Iatrosedative Clinical Behavior
The clinical encounter begins the moment you pick up an instrument, whether it be a mirror or a probe. An important commitment should be made at this time, to wit: the quality of your tactile behavior. How delicately or roughly you use your instrument tells the patient something of your involvement with him; your awareness, concern and skill. The more threatening an instrument is, the more significant is your manner of wielding it and the more important are the verbal communications made in conjunction with its use. What you are about to do with it and what you anticipate the effects on the patient will be are two important happenings that should be shared with him/her. In short, you should communicate in a way that will prepare your patient for what is about to occur. Skill in the use of such preparatory communications is essential in iatrosedation.
Let us consider preparatory communications in relation to the “normal” patient first. The non-fearful patient is subject to normal anxiety which is an anticipatory state of expecting threat or danger and preparing for it.
Preparatory communications are brief communications made to the patient prior to using an instrument or performing an action which could be perceived as threatening. The communication is intended to prepare the patient for what is about to happen or may be experienced; such as discomfort, pain, noise, pressure, etc. Such preparatory communications tend to dispel the fear of the unknown and the sense of helplessness through the simple act of foretelling. The patient receives an additional sense of control over his situation because he knows what to expect.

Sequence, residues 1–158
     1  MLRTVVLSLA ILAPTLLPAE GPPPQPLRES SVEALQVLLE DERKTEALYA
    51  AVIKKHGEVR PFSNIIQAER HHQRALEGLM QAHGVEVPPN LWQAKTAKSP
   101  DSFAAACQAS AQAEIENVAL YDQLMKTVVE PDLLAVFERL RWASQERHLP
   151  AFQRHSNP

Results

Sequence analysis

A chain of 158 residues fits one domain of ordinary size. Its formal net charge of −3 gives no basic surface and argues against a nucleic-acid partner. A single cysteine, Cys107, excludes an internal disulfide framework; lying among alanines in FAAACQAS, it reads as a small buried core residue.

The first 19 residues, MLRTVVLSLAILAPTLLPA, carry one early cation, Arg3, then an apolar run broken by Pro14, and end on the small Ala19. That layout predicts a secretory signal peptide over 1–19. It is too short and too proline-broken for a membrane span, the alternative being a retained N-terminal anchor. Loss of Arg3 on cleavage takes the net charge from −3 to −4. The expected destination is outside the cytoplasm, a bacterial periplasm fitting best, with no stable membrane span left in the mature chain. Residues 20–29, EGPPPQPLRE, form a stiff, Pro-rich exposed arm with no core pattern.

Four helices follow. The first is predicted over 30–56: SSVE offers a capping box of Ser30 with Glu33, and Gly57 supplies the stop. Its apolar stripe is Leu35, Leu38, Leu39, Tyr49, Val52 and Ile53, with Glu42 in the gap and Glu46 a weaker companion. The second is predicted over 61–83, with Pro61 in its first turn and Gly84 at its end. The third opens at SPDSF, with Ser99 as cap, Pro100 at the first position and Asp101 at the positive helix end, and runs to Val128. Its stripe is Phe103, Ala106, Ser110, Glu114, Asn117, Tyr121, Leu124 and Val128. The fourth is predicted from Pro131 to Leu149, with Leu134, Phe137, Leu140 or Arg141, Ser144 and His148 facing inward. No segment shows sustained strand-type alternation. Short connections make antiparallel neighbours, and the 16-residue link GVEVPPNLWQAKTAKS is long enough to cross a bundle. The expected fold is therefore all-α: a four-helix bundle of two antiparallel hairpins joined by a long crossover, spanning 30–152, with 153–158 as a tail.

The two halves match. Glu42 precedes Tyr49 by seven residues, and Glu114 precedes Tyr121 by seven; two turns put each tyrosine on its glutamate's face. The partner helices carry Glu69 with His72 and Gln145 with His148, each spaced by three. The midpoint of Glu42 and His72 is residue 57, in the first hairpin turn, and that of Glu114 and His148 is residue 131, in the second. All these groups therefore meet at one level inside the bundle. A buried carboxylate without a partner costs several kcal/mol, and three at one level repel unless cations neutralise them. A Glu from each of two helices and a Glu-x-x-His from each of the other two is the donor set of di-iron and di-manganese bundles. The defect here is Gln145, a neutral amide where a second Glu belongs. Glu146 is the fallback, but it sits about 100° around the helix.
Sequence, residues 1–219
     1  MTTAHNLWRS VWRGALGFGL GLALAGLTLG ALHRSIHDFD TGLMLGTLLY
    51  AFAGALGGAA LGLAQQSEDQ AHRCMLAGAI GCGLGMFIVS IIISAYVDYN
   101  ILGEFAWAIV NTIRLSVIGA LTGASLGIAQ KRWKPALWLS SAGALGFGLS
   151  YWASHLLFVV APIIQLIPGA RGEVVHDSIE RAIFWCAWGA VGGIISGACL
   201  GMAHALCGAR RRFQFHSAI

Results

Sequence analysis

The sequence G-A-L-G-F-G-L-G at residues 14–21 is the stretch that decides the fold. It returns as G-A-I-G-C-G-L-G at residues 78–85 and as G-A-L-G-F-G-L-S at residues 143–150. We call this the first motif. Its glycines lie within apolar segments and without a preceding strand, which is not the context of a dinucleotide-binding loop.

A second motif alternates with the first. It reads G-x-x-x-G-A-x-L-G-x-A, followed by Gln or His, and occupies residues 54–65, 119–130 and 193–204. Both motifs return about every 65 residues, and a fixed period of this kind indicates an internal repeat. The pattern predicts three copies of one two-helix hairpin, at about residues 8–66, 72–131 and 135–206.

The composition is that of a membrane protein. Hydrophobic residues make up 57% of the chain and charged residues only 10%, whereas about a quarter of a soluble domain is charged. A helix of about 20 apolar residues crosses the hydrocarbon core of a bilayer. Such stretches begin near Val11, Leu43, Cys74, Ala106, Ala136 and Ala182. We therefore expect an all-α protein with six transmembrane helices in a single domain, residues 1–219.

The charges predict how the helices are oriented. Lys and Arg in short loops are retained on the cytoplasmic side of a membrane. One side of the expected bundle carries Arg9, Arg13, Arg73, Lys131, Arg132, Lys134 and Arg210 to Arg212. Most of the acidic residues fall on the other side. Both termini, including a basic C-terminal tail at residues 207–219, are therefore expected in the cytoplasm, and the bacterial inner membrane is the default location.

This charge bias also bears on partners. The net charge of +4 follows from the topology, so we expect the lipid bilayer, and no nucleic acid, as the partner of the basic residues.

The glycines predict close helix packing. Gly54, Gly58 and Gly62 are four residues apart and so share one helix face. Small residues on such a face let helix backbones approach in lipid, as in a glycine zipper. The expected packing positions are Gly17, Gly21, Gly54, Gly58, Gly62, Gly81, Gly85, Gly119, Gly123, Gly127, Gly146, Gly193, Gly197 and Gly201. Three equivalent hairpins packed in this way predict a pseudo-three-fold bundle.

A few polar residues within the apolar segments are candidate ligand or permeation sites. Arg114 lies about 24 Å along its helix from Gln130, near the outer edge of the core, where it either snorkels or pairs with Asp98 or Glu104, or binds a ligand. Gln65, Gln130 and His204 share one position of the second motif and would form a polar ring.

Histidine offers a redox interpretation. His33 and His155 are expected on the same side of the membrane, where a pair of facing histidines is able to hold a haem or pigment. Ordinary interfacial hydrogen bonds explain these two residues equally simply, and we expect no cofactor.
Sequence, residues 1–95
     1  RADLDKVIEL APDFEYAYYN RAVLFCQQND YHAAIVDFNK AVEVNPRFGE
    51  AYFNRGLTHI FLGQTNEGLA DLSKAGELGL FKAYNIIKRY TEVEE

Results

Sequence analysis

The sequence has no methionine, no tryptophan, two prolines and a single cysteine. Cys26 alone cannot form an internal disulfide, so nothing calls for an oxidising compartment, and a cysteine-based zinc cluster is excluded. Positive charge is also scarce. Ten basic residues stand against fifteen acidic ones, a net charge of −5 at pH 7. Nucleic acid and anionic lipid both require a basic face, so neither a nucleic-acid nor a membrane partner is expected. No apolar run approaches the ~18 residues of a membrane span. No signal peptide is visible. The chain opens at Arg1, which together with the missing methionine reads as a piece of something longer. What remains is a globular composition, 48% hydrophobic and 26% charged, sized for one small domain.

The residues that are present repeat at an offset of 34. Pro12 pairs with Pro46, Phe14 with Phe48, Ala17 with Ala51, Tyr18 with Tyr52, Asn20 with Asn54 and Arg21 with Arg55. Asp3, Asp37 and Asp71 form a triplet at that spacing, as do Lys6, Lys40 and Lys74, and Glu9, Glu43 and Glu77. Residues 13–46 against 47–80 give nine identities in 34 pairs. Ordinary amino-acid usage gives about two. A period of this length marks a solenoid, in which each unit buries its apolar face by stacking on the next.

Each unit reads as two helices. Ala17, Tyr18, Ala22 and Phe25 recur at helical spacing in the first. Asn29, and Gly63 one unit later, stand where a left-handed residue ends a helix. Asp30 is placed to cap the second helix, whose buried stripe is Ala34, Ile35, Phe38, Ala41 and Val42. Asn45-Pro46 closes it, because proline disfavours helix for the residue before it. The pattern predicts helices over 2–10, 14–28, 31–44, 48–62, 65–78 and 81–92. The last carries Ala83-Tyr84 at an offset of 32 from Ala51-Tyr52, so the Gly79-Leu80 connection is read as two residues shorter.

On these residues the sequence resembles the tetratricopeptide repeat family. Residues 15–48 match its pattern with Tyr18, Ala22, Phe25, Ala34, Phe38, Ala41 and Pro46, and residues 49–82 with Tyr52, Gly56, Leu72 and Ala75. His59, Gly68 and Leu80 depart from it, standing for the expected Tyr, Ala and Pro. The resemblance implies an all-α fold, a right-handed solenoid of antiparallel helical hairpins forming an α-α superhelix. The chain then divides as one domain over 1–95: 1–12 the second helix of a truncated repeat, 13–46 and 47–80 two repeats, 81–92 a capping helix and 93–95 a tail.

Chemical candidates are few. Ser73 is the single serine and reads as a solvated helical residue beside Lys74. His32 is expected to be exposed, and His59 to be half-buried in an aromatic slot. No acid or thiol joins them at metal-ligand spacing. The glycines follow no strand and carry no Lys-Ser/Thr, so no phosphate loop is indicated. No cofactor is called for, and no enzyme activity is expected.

Control through knowing (cognitive control) tends to increase with the use of preparatory communications. When the Danger Control and Protective Authority shares knowledge with the patient, it tends to reduce anxiety significantly. Egbert’s studies clearly demonstrate this.
Egbert and his colleagues demonstrated the effects of preparatory communications on the anxiety level of patients scheduled for major surgery. A number of clinical experiments were performed by his group of anesthesiologists to determine the effects of the doctor’s behavior and communication on the anxiety level of surgical patients. One such study measured the effect of the anesthesiologist’s pre-operative visit with his patients in producing calmness versus the effect of pentobarbital for preanesthetic medication. They summarized their findings this way:
“Patients who had received a visit by an anesthetist before the operation were not drowsy but were more likely to be calm on the day of the operation. Patients receiving pentobarbital one hour before an operation became drowsy but it could not be shown that they became calm. If the purpose of pre-anesthetic medication is to allay anxiety, our data suggest that pentobarbital, causing drowsiness does not achieve the desired result alone.”
Their data also suggested that the psychological impact of the pre-operative visit made the effects of the pentobarbital seem inconsequential. In their comment, Egbert et al stated:
“At first sight it would seem surprising that an anesthetist, in a 5-10 minute interview, would be able to exert a psychological effect demonstrable the following day. The patient’s interest in knowing about anesthesia would not seem to be an adequate explanation. A better explanation is provided by Janis. He found that persons facing a frightening situation became anxious and looked for emotional support … an authority supposedly able to modify the dangers, becomes invested with strong emotional significance. The statements made by this authority assume greater importance than would ordinarily be expected.”